Think it's time...

Discussion in 'Ammunition & Reloading' started by partdeux, Feb 18, 2012.

  1. partdeux

    partdeux Well-Known Member

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    Buying too much commercial ammo :)

    Buying from a local commercial reloader has not been as good as I would like, he's gotten too damn popular, and it's been difficult getting my ammo lately.

    Everybody I have talked to has said they have either bought or wish they had bought a Dillon. Money is a touch tight, and will start off with two pistol sizes, maybe moving to three later.

    Brian Enos kit at $1,200 is more than I want to spend right now. What is the absolute minimum Dillon and accessories to get started? Or should I be looking at a lesser single stage and fall into "I shoulda" camp?
     
  2. 11B-101ABN

    11B-101ABN New Member

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    To somebody asking the questions you asked, I usually recommend a single stage kit from one of the major mfr's because there is a learning curve in reloading that should be understood mostly for safety reasons. A single stage kit also comes with bare necessities like a loading manual, scale, loading blocks, and lots of other little things to help you get started.
    That being said, there are people who have successfully started with a progressive and never looked back. Dillon has a catalog request line 800-762-3844. The catalog of their products will have you drooling in more ways than one. The Dillon press you buy will come with one set of dies for whatever caliber you select, ready to load with. You have to set your powder throw, and your seating depths for the dies and you are ready to go. They assume you know how to load. If you read the manual, pay attention, double check your actions, and KEEP A LOG, it is possible to turn out good ammo from the start. It is also possible to turn out 500 mistakes per hour.
    To answer your question on minimum setup, Dillons SDB is right at $400.00 if you get the instruction Video (Highly Recommended). $380.00 without the Video.
     

  3. locutus

    locutus Well-Known Member Supporter

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    First, buy a Lyman Reloading Manual. (All of the reloading manuals are very good, but in my experience, the Lyman is better for the beginning reloader.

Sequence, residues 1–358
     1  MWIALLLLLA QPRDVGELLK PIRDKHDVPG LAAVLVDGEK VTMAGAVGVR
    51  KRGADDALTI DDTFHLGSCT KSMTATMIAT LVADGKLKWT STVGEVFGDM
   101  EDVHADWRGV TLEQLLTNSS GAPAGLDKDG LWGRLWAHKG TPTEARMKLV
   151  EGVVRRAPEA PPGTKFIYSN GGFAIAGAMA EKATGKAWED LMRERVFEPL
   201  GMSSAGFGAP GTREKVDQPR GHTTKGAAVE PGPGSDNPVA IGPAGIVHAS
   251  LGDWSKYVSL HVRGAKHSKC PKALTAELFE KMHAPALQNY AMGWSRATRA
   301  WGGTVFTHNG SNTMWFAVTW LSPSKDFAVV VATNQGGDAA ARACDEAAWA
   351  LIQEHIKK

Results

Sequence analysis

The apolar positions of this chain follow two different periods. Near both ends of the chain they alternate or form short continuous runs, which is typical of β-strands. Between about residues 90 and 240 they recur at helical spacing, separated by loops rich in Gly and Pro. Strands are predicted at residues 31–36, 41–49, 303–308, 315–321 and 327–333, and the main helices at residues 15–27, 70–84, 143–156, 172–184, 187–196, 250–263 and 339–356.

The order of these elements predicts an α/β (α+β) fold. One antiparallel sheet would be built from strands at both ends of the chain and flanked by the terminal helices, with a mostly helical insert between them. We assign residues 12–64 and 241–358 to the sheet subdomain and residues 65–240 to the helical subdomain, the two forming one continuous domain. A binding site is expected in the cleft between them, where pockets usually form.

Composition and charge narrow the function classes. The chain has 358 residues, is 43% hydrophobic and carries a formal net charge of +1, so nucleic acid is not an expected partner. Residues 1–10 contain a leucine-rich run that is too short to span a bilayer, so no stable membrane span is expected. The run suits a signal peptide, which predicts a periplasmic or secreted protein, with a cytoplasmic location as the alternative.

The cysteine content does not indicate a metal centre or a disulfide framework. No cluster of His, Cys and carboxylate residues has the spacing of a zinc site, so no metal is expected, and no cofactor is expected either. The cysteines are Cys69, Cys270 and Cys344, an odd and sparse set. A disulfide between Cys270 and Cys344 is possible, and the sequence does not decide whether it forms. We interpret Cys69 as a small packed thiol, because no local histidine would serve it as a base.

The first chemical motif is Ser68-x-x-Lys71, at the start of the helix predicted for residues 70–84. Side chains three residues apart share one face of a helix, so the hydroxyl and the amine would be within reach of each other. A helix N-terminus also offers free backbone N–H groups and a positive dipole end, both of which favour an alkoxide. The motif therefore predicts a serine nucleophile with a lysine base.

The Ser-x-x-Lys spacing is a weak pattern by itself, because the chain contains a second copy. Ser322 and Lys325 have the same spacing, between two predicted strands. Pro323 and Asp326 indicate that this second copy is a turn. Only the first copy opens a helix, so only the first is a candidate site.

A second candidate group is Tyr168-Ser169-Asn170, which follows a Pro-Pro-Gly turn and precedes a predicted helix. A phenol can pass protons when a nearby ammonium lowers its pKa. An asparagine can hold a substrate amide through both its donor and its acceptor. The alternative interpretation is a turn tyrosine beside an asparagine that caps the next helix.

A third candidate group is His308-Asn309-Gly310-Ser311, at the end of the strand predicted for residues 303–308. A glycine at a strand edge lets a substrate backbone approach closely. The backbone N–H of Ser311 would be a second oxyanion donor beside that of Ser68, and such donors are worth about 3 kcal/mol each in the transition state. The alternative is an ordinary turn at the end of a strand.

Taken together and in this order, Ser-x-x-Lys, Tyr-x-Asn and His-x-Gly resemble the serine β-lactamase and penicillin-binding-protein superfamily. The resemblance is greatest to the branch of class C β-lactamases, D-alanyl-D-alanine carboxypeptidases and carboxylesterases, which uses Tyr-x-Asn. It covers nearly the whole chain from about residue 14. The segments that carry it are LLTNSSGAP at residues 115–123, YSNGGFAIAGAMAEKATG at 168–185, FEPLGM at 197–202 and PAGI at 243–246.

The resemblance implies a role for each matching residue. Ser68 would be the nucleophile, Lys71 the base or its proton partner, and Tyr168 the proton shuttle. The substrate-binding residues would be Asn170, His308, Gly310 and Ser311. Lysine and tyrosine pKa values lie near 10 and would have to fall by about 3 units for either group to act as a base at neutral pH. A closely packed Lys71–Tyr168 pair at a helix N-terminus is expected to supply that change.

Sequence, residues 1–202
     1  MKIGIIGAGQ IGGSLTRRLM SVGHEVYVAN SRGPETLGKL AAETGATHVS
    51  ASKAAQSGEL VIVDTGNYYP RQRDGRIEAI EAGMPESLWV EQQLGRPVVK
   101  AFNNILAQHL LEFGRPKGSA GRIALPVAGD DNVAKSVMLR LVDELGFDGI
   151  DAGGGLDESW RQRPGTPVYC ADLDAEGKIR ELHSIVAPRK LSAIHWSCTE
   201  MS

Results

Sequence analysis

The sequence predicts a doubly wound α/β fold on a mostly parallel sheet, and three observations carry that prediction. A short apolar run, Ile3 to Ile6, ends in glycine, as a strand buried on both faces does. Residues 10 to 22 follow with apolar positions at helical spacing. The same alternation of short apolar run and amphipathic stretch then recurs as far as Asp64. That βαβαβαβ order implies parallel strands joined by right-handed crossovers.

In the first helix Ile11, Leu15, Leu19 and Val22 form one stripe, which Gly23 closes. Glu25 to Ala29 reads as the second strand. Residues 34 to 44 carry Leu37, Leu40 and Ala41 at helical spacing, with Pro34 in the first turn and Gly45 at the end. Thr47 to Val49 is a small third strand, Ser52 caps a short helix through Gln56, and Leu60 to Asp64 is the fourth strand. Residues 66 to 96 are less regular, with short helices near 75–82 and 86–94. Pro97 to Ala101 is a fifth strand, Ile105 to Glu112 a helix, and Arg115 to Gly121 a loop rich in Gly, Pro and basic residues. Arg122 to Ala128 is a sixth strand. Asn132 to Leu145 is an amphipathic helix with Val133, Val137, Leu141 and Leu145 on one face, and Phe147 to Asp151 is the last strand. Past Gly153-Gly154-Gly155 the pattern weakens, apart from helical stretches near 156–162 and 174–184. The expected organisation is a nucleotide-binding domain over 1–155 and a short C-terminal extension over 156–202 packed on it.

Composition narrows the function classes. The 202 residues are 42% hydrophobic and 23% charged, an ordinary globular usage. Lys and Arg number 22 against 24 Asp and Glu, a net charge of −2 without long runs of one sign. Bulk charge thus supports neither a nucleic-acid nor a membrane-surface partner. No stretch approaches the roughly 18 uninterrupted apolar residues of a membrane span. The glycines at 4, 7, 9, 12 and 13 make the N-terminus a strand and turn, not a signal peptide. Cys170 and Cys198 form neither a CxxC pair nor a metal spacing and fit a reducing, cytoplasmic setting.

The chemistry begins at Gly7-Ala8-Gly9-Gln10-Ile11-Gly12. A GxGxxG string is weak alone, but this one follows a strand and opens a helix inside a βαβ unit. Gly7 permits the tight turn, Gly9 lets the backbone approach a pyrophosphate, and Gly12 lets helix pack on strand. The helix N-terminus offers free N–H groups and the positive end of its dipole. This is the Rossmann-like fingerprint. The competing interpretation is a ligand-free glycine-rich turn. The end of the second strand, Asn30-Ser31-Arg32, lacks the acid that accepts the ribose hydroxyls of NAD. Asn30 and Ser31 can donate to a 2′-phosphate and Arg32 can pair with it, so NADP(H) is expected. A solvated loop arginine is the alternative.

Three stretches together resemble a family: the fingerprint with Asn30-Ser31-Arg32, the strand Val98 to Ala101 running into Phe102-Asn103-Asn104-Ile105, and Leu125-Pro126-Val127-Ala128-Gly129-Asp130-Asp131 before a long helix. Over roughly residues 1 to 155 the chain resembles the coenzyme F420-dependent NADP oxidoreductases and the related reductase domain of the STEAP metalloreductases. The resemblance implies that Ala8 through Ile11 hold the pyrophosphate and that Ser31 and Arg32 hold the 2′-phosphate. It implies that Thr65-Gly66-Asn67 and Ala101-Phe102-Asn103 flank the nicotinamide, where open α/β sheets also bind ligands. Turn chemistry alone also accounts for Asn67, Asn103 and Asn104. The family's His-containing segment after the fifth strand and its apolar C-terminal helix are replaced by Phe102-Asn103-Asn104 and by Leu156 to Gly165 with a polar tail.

Read it
    .

    Get a QUALITY single stage press. ($150-$300)

    Learn to reload. (Don't worry about your single stage equipment, you'll still use it after converting to progressives.)

    When you're ready, buy a quality progressive machine.

    You'll notice I keep stressing QUALITY!

    Nothing will ruin your desire to become a top notch reloader faster that constantly fighting and readjusting an "economy" reloader.

    JMHO!:D
     
  4. partdeux

    partdeux Well-Known Member

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    Local commercial reloader has a 650 he wants to sell it for $425. He'll help set up the new dies I purchase and teach me how to use it. He wants to replace it with another 1050.

    What say the experts?
     
  5. 11B-101ABN

    11B-101ABN New Member

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    I been shootin since 1966 and reloadin since 1969 and I still don't consider myself an expert, but I've only had a computer a year or so....and this is only an opinion, Right?
    Personally, I would not say that is a good deal. First of all, I get the impression he's not giving you any dies, but helping put in the new ones you buy. If that is the case, you will be real close to the cost of a NEW 650 (Which comes with a die set in the caliber of your choice already installed) by the time you get it set up. Secondly, it's been well used by a commercial reloader and odds are you will spend a lot of time waiting for one new part or another. Third, goes along with number two, your original post gives the impression you don't have much reloading experience yet, you really need a factory fresh machine so you can concentrate on learning reloading rather than fixing the press.